Last month a digital-only version of a Gucci bag sold on gaming platform Roblox for about US$4,115. Again, digital-only. No physical bag that can be brought to brunch. At the time, this was about US$800 more than the real life version of the same Gucci bag. So why not go and buy that one instead?
I am sure that most of you are scratching your head at this and wondering: who the hell is valuing the digital more than the physical? Could it be that status and signaling — perhaps the real purposes of a designer bag — are even more important online in the world of Roblox than in real life? In this case, it wasn’t even an NFT and so presumably there aren’t any value claims around scarcity and authenticity. (Full disclosure: I don’t know how Roblox works.)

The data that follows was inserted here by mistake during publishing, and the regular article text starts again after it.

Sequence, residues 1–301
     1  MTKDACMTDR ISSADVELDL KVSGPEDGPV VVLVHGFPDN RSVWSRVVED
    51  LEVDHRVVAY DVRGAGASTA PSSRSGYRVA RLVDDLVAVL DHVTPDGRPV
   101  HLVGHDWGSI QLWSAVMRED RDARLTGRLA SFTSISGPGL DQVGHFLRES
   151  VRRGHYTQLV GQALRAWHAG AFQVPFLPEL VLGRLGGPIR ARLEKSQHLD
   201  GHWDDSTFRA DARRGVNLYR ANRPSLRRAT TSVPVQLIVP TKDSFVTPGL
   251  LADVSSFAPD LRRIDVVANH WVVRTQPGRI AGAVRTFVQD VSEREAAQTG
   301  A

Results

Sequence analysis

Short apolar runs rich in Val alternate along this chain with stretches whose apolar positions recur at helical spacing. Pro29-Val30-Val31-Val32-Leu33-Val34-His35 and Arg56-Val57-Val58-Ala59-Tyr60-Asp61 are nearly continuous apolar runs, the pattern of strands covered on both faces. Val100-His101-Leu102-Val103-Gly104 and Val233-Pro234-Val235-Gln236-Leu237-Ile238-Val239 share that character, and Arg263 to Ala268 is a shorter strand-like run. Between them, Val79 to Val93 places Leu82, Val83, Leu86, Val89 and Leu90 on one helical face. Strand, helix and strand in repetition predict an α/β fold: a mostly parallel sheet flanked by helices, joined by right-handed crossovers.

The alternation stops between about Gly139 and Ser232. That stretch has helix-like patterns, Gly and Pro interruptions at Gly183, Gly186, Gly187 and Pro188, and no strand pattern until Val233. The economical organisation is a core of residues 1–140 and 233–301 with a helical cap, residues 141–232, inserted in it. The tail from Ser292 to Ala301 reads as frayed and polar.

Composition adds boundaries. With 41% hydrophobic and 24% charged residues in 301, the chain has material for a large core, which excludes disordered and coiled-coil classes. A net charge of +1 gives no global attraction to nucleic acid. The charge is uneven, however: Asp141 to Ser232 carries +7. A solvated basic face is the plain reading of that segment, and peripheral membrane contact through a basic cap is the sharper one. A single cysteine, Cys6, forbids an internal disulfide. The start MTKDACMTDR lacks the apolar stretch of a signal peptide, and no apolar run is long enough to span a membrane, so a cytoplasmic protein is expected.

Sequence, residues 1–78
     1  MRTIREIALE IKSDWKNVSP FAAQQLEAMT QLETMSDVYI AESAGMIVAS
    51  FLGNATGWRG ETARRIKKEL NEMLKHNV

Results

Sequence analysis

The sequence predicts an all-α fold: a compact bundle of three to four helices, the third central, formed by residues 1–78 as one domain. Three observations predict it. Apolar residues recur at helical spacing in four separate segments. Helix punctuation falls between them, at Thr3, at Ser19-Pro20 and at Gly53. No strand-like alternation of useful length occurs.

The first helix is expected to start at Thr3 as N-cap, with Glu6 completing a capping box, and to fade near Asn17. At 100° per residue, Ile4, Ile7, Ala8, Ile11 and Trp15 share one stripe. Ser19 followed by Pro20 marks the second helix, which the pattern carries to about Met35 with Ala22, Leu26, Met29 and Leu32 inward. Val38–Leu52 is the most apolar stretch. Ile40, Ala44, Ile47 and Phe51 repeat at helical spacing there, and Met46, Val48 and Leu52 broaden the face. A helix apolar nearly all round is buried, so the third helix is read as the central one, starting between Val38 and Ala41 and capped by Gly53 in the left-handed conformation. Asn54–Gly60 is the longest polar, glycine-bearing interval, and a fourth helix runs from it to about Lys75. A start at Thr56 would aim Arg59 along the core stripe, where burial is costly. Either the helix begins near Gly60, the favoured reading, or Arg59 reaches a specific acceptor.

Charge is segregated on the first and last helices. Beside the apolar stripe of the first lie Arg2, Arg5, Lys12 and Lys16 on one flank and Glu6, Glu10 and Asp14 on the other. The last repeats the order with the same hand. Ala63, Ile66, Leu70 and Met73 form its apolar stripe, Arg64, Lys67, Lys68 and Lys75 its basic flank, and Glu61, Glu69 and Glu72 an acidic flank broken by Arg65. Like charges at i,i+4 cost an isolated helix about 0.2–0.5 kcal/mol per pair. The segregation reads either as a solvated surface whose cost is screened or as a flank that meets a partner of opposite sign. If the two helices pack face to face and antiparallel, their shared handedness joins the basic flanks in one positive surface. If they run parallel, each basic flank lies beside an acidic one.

It’s important to keep in mind that meaningful innovation often starts out looking pretty silly to some/most. And to me, this feels like one of those times. What we are clearly seeing is a blurring between our digital and physical worlds. In fact, just today I was reading about a slew of digital-only clothing companies that sell, you know, contactless cyber fashion. One of those companies is Tribute (embedded post above).
The way it works is that you first buy a piece of digital clothing (which can sell out just like regular clothing). You then send them a picture of yourself and the company goes and renders that piece of digital clothing onto your photo. The result is what you see above, which to me looks fairly realistic (though at the same time fantastical, which I think is part of the point).
As out-there as this may seem, this strikes me as something that could become a very big deal. What is real on Instagram anyways? I can also see this being applied to other industries, including real estate. Maybe that is already happening.
What do you think?